I saw Dr. Shammas today and when I detailed my training plan, she told me I should probably cool it with the long runs, that my body, just two months out from having a major surgery, was probably not ready for such an aggressive regimen. Instead, she recommended shorter distances, and that I exercise non-aggressively six days a week, instead of five.

I can’t say I’m not disappointed, but, after everything I’ve been through, I’ve learned to listen to my body, and I know, deep down, she’s right. I shouldn’t have tried to push so soon after surgery. I just miss the feeling of being able to run forever and ever, that freedom, there’s nothing like it. I guess I’ll have to get it in smaller doses now, until I work my way back up.

I suppose that it’s good timing, with me starting my new role within my company, and getting up to speed, traveling and such. It’s not really an ideal time to be training for distance running.

Patience is a virtue, and I’m learning to be very, very virtuous. :-/

Sidelined again...le sigh!

Sidelined again…le sigh!

 


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A Love/”Ate” Relationship: A Diet Story

When you’ve been an eating disordered thinker, it never leaves you, really. Moments of high stress, body chemistry changes, lifestyle changes, disasters, and other inevitable “life-y” things, can bring you right back to face those demons you thought you left behind you.

Winter 2010. I lay there, gorged, bloated, my stomach swelled like a tick, with a full salad, four hunks of garlic cheese bread, a Mediterranean calzone, and a huge double (or maybe even triple) slice of chocolate cake. I was hungover from a night of drinking with friends (5-6 vodka-sodas and maybe even a beer or two). I felt disgusting, loathsome, too full, but I was too afraid of barfing to become a bulimic.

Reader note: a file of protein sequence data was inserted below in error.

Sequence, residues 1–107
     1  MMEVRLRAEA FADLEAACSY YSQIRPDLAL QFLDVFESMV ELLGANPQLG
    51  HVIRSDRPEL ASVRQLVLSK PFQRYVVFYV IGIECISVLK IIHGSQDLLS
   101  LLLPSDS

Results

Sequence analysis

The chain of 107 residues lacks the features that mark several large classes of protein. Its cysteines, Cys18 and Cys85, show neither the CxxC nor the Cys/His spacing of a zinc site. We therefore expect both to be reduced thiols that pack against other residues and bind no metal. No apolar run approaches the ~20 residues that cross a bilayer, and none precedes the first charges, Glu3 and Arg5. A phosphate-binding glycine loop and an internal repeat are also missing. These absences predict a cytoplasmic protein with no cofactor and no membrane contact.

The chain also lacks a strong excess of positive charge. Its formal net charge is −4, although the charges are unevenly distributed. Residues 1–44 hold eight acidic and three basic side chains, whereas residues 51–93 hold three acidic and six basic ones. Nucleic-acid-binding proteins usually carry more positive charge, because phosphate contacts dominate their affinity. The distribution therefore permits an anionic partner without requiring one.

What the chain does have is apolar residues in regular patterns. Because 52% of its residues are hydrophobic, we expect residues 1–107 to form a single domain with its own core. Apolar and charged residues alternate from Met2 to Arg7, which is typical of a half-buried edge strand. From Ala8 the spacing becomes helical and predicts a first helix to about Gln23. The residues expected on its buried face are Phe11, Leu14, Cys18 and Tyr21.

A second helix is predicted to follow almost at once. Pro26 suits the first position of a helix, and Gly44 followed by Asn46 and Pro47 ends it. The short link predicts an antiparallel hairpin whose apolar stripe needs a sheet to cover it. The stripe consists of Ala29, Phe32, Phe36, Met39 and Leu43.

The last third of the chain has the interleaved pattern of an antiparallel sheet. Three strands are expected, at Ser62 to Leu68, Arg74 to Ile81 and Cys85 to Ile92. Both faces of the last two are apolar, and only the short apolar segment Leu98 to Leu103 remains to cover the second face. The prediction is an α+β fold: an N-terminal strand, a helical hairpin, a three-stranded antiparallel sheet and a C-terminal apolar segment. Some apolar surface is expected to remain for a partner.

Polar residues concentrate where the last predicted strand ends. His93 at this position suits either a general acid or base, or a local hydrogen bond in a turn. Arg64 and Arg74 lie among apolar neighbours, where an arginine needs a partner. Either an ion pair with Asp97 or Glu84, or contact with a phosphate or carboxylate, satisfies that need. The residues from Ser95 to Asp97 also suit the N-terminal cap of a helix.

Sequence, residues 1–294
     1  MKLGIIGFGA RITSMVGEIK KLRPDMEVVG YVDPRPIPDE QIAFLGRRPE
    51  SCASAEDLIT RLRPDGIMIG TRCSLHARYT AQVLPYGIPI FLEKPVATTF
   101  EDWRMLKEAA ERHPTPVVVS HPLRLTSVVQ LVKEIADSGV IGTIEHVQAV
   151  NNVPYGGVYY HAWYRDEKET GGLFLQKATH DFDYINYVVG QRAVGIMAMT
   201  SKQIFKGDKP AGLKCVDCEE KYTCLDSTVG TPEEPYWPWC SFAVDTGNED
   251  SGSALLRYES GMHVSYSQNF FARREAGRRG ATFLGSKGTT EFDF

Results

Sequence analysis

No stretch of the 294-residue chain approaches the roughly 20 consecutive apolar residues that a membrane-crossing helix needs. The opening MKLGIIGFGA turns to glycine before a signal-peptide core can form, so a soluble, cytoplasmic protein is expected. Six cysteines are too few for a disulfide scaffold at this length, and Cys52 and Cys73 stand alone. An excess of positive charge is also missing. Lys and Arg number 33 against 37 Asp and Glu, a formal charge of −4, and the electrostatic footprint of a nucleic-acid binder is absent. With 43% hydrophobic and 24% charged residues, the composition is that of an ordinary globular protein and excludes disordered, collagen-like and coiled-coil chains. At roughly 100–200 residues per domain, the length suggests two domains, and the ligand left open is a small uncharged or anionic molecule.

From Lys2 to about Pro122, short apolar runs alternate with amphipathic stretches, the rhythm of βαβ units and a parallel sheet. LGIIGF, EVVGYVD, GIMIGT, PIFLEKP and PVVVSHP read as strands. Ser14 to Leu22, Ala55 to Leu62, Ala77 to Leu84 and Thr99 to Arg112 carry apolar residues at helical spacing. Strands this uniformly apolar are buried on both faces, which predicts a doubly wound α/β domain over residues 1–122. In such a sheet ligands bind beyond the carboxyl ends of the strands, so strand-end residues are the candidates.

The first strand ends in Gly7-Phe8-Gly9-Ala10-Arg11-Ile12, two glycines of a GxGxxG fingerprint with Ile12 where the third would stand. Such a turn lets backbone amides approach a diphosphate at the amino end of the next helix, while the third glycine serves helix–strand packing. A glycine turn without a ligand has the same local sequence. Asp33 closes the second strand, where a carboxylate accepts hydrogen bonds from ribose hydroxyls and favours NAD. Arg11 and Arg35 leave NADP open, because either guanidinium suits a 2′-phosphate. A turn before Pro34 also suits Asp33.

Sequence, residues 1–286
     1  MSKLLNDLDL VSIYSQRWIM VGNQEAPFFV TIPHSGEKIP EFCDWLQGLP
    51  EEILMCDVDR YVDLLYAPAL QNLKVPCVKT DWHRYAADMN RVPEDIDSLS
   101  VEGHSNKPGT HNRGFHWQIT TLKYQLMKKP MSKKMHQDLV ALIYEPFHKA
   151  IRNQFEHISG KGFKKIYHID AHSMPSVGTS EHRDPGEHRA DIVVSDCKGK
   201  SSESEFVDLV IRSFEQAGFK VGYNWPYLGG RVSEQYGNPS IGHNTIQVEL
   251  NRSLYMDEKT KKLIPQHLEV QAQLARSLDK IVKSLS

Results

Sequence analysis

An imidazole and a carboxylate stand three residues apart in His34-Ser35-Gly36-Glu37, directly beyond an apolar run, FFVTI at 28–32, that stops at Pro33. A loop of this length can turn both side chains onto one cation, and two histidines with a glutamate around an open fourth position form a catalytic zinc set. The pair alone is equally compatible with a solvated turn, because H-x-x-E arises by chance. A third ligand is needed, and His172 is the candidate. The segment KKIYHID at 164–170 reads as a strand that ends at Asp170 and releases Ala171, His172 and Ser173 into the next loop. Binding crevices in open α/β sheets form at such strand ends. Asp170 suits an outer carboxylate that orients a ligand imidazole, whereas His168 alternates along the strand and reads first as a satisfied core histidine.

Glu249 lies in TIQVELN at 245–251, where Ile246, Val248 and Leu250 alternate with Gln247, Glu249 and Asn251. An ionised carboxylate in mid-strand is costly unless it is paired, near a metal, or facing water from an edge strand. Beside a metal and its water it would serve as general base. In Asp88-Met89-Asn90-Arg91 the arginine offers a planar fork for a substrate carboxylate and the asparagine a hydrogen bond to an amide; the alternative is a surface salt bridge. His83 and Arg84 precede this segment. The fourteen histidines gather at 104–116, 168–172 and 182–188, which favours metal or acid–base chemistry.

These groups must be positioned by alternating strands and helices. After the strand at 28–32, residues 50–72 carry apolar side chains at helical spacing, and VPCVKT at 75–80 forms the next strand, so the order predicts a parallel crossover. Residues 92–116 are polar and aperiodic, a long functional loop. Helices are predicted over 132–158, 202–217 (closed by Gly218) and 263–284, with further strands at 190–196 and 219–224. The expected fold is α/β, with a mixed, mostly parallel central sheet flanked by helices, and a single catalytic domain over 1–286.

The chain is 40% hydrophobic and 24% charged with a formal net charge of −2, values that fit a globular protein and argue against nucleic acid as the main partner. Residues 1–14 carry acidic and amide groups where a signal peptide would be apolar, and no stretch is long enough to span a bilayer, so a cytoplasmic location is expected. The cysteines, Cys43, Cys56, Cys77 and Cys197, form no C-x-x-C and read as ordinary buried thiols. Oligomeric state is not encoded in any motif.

“Tomorrow,” I vowed to myself. “Tomorrow I will change. I will stop eating like this. I will exercise. I will quit drinking so much.”

I ate because, deep down, I felt lonely. Here I was, a fat girl, in Los Angeles, a town full of pretty people. I went out with all of my skinny, pretty friends, and, while I whooped it up and tried to enjoy myself, I always felt as though I would never really fit in. I wasn’t pretty enough to be loved. I was just this fatty, along for the ride.

When I got Sheila, my Beagle, the ache of loneliness subsided for a bit, as the unconditional love of a pet, especially a rescue, is one of the most special loves in existence, but it didn’t get to the root of my problem, and soon reality sunk in once again. I ate to help soothe the pain, to fill the emptiness inside. Of course, by eating, I only further enhanced the part of me that I thought made me so unlovable, my weight.

Binging is like any other addiction, except, in some ways, worse. You can’t just stop eating, cold turkey. It’s like telling an alcoholic to learn to stop at one drink. Plus, food is everywhere, it’s accessible. People bring it to work to “share” with everyone. My old boss would go to Costco and buy boxes, bags and barrels of candy and processed snacks for the office. Temptation, all day long, every day, and the weak, physically addicted, and emotionally damaged are supposed to have the iron willpower to say “No”?

So, like any addict, I had to get “good and sick of it.” I had to wake up at my lowest hour and decide it was time to quit. I think my “bottom” came when I decided to kick off my weekend “binge-o-rama” with two cans of frosting and two unfrosted cakes. I consumed entire packages of mac and cheese, pizza, cookies, nuts. I ate enough for an entire party of people. There I was, a party of one, and no where to go but up.

It wasn’t long before I quietly decided to make small changes. My vows of “Tomorrow I will do everything healthfully” hadn’t worked thus far. So, I made small changes. I was flexible. And slowly, slowly, I changed.

For me, this relationship is not about perfection. I can’t promise myself that. To this day, in a moment of feeling misunderstood or lonely, I might reach into the cupboard for a little bit of edible comfort. I might go through quarter of a package of Trader Joe’s S’Mores Bites because, dammit, I need the serotonin boost, and it is too enjoyable to stop myself…but I stop. In the end, I stop. I stop because I know I’m not perfect, but I love myself.

I love myself enough to understand what happiness really is, and where to find it, and through all of the boxes and bags, the crumbs and wrappers, I know that it is not where I was looking for it before.

No, Really, I've got this.

Self love conquers all.